After the founding of the Mongol Empire by Genghis Khan (1162-1227 A.D.), Muslims, essentially craftsmen, scholars, and soldiers from Central Asia were forcibly relocated by Mongol rulers to help in the administration of the empire or to develop sciences such as calendar making and astronomy. These people, their number exceeding 100,000, were later settled mainly in northwest China.
During the Yuan Dynasty (1271—1368), Ananda (d 1307) the governor of northwestern China (part of Shanxi, Ningxia, Gansu and a part of Sichuan province) converted to Islam. Ananda was the grandson of the Yuan Dynasty founder Kublai Khan and a close descendent of Genghis Khan. An estimated 150,000 Mongol soldiers subsequently converted, furthering the spread of Islam in China’s northwestern areas. Muslims made great contributions to the establishment of the Yuan Dynasty and were given a high social status as direct patrons to the Mongols themselves. There were some 13 Muslim ministers holding key positions in the royal court. By end of Yuan Dynasty, Muslims had dispersed widely all over the territory of China.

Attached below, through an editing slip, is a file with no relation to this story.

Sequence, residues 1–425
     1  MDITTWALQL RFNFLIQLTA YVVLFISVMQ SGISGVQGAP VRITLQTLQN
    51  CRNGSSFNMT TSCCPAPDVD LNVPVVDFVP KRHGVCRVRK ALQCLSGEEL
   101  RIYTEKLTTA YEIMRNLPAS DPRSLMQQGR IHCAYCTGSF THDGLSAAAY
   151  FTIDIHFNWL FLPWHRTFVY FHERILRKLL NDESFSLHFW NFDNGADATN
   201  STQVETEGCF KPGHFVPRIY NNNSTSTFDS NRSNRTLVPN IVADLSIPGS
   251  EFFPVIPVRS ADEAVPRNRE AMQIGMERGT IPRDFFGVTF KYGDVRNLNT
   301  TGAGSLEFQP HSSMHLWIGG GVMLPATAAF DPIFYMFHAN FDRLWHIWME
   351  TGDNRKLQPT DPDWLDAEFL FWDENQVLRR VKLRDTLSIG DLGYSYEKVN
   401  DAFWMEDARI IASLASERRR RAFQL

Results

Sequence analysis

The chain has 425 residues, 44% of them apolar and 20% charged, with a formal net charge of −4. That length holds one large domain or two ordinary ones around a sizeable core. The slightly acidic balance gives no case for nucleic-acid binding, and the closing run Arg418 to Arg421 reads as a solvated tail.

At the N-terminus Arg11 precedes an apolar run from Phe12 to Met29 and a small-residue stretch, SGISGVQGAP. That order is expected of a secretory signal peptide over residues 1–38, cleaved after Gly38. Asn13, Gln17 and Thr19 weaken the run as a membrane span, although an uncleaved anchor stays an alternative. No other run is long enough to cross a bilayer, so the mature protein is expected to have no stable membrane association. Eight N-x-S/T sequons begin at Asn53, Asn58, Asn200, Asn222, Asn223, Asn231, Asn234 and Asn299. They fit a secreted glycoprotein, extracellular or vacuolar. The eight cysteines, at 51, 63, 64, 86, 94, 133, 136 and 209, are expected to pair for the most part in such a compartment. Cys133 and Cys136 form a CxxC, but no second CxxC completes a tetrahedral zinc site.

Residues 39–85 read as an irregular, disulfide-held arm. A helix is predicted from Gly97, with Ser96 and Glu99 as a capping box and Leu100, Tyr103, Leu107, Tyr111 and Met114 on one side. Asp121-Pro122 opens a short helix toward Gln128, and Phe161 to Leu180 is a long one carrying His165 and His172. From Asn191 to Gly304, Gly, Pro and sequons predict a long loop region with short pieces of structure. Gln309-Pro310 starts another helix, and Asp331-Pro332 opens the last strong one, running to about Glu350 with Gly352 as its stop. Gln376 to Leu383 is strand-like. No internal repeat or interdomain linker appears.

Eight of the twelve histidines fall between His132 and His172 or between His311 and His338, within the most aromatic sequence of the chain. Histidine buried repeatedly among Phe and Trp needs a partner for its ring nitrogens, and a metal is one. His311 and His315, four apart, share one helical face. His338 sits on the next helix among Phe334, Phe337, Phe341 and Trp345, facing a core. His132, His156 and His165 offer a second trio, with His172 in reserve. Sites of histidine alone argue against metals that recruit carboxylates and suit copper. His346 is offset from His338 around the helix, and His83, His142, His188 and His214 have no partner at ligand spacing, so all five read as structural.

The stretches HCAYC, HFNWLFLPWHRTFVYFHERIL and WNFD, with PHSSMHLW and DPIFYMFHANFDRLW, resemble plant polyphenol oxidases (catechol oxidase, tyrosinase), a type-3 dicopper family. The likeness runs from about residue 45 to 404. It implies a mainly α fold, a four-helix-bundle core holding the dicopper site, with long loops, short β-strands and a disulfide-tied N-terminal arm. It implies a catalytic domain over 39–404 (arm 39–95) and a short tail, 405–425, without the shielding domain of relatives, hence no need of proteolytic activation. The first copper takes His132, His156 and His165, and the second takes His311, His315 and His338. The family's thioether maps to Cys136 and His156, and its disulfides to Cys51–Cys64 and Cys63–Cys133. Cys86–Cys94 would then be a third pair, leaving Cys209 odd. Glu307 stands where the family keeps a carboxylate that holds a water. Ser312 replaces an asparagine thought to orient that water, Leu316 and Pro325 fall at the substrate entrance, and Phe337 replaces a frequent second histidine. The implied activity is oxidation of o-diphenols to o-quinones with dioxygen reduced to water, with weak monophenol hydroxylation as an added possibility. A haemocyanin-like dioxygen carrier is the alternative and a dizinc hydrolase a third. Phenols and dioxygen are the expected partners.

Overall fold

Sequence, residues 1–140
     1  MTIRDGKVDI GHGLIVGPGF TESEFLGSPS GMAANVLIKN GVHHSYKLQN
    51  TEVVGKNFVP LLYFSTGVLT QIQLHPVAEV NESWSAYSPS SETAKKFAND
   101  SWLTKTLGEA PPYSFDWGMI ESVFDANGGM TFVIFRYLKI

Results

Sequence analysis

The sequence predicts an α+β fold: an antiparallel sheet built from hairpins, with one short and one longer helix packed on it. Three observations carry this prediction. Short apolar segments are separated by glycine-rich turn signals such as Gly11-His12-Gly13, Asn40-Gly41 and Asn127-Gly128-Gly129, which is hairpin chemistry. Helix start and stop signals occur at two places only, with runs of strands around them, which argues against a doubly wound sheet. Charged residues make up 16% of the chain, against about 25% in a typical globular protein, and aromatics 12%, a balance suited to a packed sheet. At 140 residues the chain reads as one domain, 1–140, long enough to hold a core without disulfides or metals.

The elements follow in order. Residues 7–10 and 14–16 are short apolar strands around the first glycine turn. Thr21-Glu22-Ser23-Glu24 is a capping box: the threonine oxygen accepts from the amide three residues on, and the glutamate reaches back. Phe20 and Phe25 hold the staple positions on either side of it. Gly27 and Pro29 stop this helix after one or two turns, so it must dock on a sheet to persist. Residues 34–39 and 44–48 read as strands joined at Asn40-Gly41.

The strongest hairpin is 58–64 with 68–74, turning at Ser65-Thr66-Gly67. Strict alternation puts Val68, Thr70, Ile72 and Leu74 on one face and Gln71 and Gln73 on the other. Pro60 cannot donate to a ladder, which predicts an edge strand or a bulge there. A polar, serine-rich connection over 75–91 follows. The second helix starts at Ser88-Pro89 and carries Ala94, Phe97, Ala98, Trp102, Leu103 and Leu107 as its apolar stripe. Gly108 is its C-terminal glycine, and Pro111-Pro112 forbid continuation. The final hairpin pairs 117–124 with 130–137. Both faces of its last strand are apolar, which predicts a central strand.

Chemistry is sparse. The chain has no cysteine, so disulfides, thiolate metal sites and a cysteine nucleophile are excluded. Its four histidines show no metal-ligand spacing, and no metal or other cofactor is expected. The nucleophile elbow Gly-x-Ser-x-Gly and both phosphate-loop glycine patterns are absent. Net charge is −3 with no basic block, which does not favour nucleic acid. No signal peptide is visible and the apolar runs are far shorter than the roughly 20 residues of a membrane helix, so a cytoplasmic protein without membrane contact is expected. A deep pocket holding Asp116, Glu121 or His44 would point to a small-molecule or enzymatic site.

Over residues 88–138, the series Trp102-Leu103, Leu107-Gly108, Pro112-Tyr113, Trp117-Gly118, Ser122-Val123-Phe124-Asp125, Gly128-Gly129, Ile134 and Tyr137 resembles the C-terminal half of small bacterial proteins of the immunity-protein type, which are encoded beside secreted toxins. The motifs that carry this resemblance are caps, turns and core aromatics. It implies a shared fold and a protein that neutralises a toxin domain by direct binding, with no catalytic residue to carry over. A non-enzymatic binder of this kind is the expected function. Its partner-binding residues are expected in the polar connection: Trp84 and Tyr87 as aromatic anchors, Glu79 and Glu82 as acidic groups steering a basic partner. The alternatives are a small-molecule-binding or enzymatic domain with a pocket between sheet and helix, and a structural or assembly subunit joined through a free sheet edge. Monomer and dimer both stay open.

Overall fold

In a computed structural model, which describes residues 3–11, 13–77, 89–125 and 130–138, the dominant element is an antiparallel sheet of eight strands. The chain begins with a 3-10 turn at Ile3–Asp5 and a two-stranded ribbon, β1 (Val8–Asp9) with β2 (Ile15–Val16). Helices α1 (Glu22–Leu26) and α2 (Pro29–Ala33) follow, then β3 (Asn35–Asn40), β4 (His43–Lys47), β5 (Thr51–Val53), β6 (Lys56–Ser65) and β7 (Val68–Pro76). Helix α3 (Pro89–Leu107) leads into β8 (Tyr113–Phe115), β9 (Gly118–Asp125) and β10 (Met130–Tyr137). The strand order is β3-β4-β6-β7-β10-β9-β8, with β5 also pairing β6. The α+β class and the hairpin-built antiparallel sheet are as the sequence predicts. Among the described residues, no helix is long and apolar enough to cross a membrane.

In the early Ming dynasty (1368—1644), the number of Muslims kept increasing as their social and political status remained high. For instance, Zhu Yuanzhang (1328－1398) made great contributions to win over the Mongols and put down rebellions of minority ethnic groups against the Ming Dynasty. A Muslim navigator Zhonghe was sent by the Yongle Emperor seven times from 1405 and 1433 to Southeast Asian countries and Arabia to demonstrate the might of China and to establish good relations. During the first two centuries of the Ming Dynasty, Islam further expanded when Muslims settled in remote, unsettled regions. Mosques were built, and religious communities were found. In the same time, Muslims remained relatively concentrated in Shanxi, Gansu, Ningxia, Yunnan and Xinjiang. It was also in the Ming Dynasty that Muslims in China began to assimilate by speaking the Chinese language, adopting Chinese names, and learning local culture. Thus, the “Hui Hui” (i.e. Muslim) were no longer considered foreigners, but became indigenous Chinese citizens speaking Chinese language and bearing Chinese names. By end of Ming Dynasty, some brilliant indigenous Muslim scholars, such as Wang Daiyu (1584-1670) wrote in standard Chinese to further spread the concepts of Islam.